Queensland's unpaid community defenders may be encouraged to vote for the party that commits to rolling out of an Emergency Volunteer Respect Act at the next state election.
Queensland's unpaid community defenders may be encouraged to vote for the party that commits to rolling out of an Emergency Volunteer Respect Act at the next state election. Facebook/Ripley Valley Rural Fir

Emergency service volunteers win interest of Labor, LNP

BOTH Labor and the Coalition are willing to talk with Queensland's emergency service volunteers about rolling out legislation that would lead to improved funding and resources and cut red tape.

ARM Newsdesk can report that the state's unpaid community defenders will be encouraged to vote for the party that commits to rolling out of an Emergency Volunteer Respect Act at the next state election.

The result of the looming poll could hinge on these votes as there are more than 100,000 volunteers working across rural and regional fire brigades, the State Emergency Service, Surf Life Saving Queensland, Marine Rescue Queensland, the coast guard, St John's Ambulance and the Queensland Ambulance Service.  

Queensland is scheduled to go to the polls in 2018, but some commentators suggest the election will be held this year.

There are hopes the proposed legislation will win support from Labor, the Coalition, Pauline Hanson's One Nation Party, Katter's Australian Party, the Greens and the independents.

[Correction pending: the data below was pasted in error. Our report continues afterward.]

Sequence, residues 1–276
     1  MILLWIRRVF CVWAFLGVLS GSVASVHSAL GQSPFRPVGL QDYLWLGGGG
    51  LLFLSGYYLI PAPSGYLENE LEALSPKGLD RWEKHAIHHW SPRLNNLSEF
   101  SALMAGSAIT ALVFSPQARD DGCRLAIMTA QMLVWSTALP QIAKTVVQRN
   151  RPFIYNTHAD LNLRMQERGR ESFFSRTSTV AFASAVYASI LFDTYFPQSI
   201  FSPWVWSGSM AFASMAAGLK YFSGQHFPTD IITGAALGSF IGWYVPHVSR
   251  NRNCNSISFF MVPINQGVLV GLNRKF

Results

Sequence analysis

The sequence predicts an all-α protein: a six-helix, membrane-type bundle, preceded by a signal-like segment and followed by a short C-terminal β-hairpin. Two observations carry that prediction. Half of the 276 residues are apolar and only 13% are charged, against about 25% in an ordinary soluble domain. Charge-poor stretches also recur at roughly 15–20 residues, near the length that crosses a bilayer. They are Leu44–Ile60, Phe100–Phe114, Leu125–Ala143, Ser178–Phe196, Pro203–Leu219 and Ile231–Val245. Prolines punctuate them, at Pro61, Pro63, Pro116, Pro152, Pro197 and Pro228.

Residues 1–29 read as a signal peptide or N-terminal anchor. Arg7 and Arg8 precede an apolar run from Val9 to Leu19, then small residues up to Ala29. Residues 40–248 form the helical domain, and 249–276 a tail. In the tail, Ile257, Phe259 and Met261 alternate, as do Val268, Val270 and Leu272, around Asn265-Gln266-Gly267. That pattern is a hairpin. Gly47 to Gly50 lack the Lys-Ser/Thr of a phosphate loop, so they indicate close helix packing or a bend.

Driven by the Rural Fire Brigades Association of Queensland, the proposal would see three existing pieces of legislation become one, while one government department - instead of three - would be responsible for management of the state's emergency services volunteers.

The LNP told ARM Newsdesk a short while ago that it was ready to start talks.

"The LNP recognises the significant contribution that volunteers make to Queensland, whether it's the rural fire brigades protecting our homes or surf lifesavers keeping our families safe in the surf," a spokeswoman said.

"The LNP will be pleased to discuss the proposed Emergency Volunteer Respect Act with RFBAQ and discuss the LNP's election policy to support volunteers."

The Premier's office would not commit to the plan but a spokesman said the government was willing to have "discussions".

"The Palaszczuk government has enormous respect for the work done by emergency volunteers across Queensland, especially given our state's all too frequent encounters with natural disasters," the spokesman said.

Katter's Australian Party, the Greens and Pauline Hanson's One Nation Party did not respond to our request for comment.

RFBAQ general manager Justin Choveaux said state election candidates should not under-estimate the volunteer voting power.

"Emergency volunteers have no single voice at the State Government level, so let's give them one," Mr Choveaux said.

"These same people who defend our community currently don't have the ability to cohesively talk to the Premier and Cabinet about what they need to keep their communities safe." - ARM NEWSDESK

 

- ARM NEWSDESK


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